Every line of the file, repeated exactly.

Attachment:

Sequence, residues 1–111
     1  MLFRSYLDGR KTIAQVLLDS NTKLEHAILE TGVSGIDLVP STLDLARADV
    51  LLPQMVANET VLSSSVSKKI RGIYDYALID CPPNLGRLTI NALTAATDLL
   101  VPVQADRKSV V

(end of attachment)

Sequence, residues 1–111
     1  MLFRSYLDGR KTIAQVLLDS NTKLEHAILE TGVSGIDLVP STLDLARADV
    51  LLPQMVANET VLSSSVSKKI RGIYDYALID CPPNLGRLTI NALTAATDLL
   101  VPVQADRKSV V